While it’s unlikely that the threat of a primary challenge really concerned Ryan all that much, the fact that he has come around and endorsed Trump is not all that surprising. For one thing, as Speaker of the House Ryan will be charged with presiding over the convention in Cleveland in July and it would have been awkward to say the least for him to stay in that position when he hasn’t endorsed the party nominee. Additionally, the longer Ryan held out the more speculation grew that he was involved in some way in the efforts to get an independent candidate into the race for the principle purpose of ensuring that Trump wouldn’t win the election, or that he was in some way seeking to engineer some last minute scheme that would have made Ryan himself the Republican nominee. At the same time, though, I tend to agree with Allahpundit that Ryan’s decision to wait a month to endorse Trump doesn’t really make sense:
What was the point of all this? Why didn’t he go the McConnell route and back Trump early, without fanfare, as a matter of partisan course? His op-ed isn’t an effusive endorsement — it amounts to Ryan saying that Trump, unlike Hillary, at least might sign some Republican bills — but because of Ryan’s initial resistance there’s a sense that Trump has passed some meaningful ideological litmus test now, which, I would think, is pretty much the opposite of what a dogmatic conservatarian like Ryan would want people to believe. How’d Trump pass that test? What has he said over the past month that’s meaningfully different from what he said over the first 10 months of the campaign that gave Ryan qualms about his nomination? The whole point of Ryan holding out, I thought, was to create some political daylight between House incumbents and Trump in case Trump faltered in the polls or went full loose cannon. He hasn’t faltered — on the contrary — but we’re still five months out from the election. He might falter eventually — yet here’s Ryan bear-hugging him in early June. How does the House inch away from Trump now if things go sideways later? All things considered, Ryan lost respect today from people who respected him for initially refusing to back Trump and gained little from people who didn’t. What on earth was his strategy with all of this nonsense?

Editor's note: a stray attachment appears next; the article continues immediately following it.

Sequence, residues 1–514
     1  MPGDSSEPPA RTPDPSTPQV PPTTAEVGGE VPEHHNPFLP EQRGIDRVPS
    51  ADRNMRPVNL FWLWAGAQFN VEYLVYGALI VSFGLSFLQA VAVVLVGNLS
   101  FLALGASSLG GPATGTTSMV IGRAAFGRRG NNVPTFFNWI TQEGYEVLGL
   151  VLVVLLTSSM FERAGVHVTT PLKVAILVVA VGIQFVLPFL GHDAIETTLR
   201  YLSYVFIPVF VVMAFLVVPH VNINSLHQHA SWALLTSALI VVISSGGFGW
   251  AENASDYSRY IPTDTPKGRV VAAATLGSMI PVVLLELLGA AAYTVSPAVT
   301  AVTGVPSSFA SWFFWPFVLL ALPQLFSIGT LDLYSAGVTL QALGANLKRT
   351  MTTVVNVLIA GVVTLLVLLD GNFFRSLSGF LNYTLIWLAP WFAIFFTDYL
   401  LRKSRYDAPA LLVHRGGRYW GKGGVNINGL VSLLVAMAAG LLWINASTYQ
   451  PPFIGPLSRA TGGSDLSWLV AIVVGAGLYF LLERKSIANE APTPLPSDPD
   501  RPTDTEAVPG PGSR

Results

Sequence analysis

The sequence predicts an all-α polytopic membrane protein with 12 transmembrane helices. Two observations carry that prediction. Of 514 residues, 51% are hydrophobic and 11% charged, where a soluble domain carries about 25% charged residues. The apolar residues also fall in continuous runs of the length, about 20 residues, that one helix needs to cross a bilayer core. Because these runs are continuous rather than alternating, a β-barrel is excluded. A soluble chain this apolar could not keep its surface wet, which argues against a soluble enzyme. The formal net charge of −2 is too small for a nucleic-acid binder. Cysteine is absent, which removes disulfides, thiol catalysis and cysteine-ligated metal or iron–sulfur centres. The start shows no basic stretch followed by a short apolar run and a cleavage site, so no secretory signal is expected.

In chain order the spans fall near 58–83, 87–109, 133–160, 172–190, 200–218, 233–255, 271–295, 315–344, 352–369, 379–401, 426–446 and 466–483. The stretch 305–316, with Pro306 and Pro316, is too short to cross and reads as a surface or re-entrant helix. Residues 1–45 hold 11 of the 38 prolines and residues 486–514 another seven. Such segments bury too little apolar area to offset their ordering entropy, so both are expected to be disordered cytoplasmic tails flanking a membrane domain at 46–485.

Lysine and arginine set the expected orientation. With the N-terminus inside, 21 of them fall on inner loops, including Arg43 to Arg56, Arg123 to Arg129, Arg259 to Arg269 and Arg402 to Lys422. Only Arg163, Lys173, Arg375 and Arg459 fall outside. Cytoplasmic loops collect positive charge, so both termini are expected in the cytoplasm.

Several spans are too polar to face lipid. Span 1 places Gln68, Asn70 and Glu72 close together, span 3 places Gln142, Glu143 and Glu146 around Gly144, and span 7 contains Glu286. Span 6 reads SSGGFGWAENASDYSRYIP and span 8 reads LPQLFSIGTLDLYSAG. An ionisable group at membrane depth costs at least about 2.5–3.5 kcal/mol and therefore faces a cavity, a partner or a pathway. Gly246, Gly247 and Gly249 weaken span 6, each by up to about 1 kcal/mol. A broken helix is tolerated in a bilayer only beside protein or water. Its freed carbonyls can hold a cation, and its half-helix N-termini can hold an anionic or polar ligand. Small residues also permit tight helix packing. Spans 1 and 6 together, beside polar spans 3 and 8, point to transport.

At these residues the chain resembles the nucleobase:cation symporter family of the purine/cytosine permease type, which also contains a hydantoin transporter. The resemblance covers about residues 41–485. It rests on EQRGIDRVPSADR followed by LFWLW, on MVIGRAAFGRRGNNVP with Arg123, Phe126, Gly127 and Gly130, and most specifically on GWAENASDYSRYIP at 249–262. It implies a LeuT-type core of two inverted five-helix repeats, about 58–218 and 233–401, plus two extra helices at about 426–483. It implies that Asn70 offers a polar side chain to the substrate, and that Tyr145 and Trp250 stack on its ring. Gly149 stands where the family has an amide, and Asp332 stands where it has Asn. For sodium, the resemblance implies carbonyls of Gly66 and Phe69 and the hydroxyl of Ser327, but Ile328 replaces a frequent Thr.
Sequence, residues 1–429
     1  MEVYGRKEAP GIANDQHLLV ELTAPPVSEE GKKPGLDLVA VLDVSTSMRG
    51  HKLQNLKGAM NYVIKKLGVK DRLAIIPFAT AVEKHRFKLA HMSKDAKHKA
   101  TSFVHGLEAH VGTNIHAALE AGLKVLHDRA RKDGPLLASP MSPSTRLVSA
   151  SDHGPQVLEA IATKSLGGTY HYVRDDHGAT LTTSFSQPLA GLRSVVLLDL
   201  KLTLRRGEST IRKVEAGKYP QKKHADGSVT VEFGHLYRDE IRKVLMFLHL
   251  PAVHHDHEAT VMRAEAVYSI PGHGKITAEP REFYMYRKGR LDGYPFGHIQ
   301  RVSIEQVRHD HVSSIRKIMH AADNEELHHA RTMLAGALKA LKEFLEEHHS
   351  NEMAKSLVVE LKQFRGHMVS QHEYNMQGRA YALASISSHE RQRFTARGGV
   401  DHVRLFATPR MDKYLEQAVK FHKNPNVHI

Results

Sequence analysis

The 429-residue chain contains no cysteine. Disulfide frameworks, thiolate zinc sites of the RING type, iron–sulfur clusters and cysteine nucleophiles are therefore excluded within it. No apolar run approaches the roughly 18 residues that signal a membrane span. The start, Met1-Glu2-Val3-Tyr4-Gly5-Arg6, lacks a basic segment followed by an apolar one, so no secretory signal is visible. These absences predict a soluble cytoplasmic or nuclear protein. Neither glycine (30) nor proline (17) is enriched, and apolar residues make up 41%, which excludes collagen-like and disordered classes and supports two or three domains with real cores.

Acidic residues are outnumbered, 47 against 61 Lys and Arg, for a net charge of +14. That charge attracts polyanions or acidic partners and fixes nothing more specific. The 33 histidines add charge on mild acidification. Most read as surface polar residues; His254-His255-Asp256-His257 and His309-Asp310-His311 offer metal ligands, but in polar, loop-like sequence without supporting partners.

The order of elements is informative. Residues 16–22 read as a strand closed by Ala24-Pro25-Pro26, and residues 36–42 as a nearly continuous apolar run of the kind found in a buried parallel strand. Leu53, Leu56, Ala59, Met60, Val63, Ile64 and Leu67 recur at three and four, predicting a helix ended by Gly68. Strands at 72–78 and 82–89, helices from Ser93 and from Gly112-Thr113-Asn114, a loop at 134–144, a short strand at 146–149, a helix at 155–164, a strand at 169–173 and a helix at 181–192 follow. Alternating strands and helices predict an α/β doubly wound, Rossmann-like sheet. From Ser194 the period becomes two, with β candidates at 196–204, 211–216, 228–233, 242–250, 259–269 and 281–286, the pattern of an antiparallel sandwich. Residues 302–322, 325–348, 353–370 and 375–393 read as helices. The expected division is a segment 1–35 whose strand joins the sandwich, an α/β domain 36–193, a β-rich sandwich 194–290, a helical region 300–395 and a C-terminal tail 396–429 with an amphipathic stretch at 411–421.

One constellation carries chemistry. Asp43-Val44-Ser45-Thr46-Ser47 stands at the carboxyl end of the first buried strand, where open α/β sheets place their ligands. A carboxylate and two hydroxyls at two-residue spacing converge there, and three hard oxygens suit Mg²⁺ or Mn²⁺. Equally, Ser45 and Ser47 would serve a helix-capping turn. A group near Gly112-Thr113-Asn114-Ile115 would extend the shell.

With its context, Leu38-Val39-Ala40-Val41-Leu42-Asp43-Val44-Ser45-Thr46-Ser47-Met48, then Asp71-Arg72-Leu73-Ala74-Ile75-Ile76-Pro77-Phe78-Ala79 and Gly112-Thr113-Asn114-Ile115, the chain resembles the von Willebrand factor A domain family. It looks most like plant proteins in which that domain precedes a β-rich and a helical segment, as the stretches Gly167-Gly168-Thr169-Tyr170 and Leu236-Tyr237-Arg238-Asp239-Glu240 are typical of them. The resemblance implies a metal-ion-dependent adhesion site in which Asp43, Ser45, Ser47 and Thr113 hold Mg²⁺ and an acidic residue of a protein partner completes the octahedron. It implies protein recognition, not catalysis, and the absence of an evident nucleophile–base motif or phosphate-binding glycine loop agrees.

The answer, I think, is that there was no strategy. Most likely, Ryan’s reluctance to get behind Trump even after it was apparent that he was going to be the nominee was based upon Ryan’s recognition of the dangers that Trump poses to the future of the Republican Party and to Republican control of the House and the Senate in the short term. At the same time, as a member of the leadership he was likely under pressure to fall in line for the sake of party unity headed into the convention and the General Election. In retrospect, it would have looked better had Ryan given Trump the kind of low-key ‘endorsement’ that Mitch McConnell did, which basically just amounted to a recognition of the fact that the voters had spoken and that Trump would be the nominee. Instead, by withholding his endorsement Trump made it seem as though he had serious issues with Trump that would need to be resolved before he could fall in line with everyone else. Now, despite the fact that very little has changed in the campaign except for the fact that we are learning more about the fraud that was ‘Trump University’ while Trump himself has taken to attacking the integrity of a Federal District Court Judge, Ryan has made it seem as though Trump has passed some test even though it’s clear that Ryan gained nothing over the past month.